On April 8, 2014 the American Statistical Association issued a statement on the Use of Value-Added Models (VAMs) for Educational Assessment. (http://www.amstat.org/policy/pdfs/ASA_VAM_Statement.pdf.) The purpose of VAMs is to “estimate effects of individual teachers or schools on student achievement while accounting for differences in student background.” In other words, VAMs attempt to determine the extent to which a teacher “adds value” to a student’s learning independent of external factors such as home life, family income, prior knowledge, exposure to information, parental involvement and support, and basic intelligence. Using standardized tests, VAMs attempt to rule out all influences on student learning except instruction and then quantify the extent to which instruction alone results in academic growth. North Carolina has adopted VAMs as part of the teacher evaluation instrument. VAMs also yield data that is factored into school and district rankings.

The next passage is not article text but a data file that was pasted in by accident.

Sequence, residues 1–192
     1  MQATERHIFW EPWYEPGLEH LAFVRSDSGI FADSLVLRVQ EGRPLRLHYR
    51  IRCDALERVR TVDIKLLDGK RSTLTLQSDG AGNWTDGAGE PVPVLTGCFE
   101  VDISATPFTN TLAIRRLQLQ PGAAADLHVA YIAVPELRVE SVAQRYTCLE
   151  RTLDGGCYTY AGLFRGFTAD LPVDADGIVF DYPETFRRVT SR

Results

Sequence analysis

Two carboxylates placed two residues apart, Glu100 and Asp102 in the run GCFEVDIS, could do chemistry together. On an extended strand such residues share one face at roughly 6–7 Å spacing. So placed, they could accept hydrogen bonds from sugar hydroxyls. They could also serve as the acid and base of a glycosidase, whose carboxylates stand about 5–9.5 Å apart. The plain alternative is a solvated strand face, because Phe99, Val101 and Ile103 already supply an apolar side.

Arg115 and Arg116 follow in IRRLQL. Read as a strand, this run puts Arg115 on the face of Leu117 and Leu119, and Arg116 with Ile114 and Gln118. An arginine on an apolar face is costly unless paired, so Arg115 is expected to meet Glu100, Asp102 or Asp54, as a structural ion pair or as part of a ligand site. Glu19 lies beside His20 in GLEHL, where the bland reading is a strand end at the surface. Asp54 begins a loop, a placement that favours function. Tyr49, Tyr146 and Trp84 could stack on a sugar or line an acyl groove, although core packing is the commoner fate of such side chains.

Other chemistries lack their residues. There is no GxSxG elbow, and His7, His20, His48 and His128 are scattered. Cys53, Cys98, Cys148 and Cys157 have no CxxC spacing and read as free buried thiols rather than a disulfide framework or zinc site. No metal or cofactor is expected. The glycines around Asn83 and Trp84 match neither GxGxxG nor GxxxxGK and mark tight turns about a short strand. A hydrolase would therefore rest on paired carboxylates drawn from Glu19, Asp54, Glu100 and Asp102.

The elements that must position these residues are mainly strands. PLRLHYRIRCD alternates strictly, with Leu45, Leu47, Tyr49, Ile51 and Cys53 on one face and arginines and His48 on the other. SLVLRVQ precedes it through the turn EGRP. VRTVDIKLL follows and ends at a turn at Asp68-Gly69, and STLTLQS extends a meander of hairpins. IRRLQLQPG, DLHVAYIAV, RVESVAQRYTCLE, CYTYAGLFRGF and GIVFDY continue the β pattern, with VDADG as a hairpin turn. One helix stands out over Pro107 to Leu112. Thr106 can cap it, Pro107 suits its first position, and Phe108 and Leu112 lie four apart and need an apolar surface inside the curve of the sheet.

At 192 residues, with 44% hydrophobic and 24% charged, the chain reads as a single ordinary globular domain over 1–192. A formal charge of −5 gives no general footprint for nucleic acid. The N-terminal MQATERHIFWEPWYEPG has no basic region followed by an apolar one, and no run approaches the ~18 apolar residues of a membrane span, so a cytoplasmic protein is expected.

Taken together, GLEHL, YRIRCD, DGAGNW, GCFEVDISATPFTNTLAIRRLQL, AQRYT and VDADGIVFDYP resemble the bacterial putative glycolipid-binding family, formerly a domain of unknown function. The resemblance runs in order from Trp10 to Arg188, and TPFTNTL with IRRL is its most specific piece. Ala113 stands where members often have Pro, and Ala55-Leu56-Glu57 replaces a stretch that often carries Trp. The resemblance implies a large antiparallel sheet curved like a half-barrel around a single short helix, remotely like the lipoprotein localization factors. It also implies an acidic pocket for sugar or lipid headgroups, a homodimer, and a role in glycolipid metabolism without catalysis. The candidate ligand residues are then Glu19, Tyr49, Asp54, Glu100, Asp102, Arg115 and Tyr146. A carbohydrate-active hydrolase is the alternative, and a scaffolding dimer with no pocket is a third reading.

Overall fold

Not surprisingly, many educators are skeptical of the reliability of VAMs. Apparently, that skepticism is shared by the America Statistical Association. Their report says, “VAMs typically measure correlation, not causation: Effects – positive or negative – attributed to a teacher may actually be caused by other factors that are not captured in the model…Most VAM studies find that teachers account for about 1% to 14% of the variability in test scores…” yet some school systems are using VAMs for high stakes purposes, including “compensation, evaluating and ranking teachers, hiring or dismissing teachers, awarding tenure, and closing schools.”
The public sees numbers – teacher rankings, school rankings, district rankings – that seem data-driven and accurate. We hear that “numbers don’t lie” and teachers who resist being judged in this way just don’t want to be held accountable. This is simply not true. Most teachers work hard and care deeply about their students. We shouldn’t need statisticians to tell us what common sense should: that human learning is the net result of multiple causes that are very difficult to measure in isolation. Personally, I’m ready for some common sense in Raleigh – though statistics will serve.